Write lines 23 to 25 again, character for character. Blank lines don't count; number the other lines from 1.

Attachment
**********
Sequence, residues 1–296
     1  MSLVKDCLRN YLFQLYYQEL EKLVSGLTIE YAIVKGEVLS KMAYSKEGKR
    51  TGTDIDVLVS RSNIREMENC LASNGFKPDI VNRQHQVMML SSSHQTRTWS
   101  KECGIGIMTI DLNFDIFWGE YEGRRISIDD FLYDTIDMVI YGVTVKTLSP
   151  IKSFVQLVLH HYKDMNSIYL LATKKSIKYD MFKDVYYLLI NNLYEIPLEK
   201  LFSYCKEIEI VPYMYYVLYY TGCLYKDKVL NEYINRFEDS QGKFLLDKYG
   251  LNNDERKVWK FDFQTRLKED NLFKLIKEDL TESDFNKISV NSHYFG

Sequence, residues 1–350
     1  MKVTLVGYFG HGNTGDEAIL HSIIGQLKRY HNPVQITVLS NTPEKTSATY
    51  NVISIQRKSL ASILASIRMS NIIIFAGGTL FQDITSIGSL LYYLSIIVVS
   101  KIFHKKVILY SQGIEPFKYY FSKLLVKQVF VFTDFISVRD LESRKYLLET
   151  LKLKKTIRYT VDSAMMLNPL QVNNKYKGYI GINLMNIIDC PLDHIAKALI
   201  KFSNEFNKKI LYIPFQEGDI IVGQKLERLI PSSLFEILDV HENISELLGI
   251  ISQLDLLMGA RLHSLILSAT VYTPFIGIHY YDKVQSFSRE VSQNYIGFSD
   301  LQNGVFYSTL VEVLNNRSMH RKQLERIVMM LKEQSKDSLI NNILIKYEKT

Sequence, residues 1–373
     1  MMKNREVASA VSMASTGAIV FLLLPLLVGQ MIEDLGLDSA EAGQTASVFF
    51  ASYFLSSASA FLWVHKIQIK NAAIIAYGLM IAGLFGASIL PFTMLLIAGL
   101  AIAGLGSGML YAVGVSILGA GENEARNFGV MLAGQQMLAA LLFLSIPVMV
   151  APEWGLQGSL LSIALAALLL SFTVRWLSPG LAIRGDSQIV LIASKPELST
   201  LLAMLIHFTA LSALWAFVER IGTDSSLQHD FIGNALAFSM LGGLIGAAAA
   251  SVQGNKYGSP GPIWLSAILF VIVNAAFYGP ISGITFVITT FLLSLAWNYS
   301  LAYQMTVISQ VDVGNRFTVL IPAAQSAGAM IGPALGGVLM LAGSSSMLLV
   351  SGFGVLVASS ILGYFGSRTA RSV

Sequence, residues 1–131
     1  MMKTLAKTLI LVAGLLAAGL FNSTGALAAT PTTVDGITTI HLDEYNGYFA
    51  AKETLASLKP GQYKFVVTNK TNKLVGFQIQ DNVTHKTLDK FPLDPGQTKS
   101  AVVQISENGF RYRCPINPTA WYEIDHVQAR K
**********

   301  LAYQMTVISQ VDVGNRFTVL IPAAQSAGAM IGPALGGVLM LAGSSSMLLV
   351  SGFGVLVASS ILGYFGSRTA RSV

Sequence, residues 1–131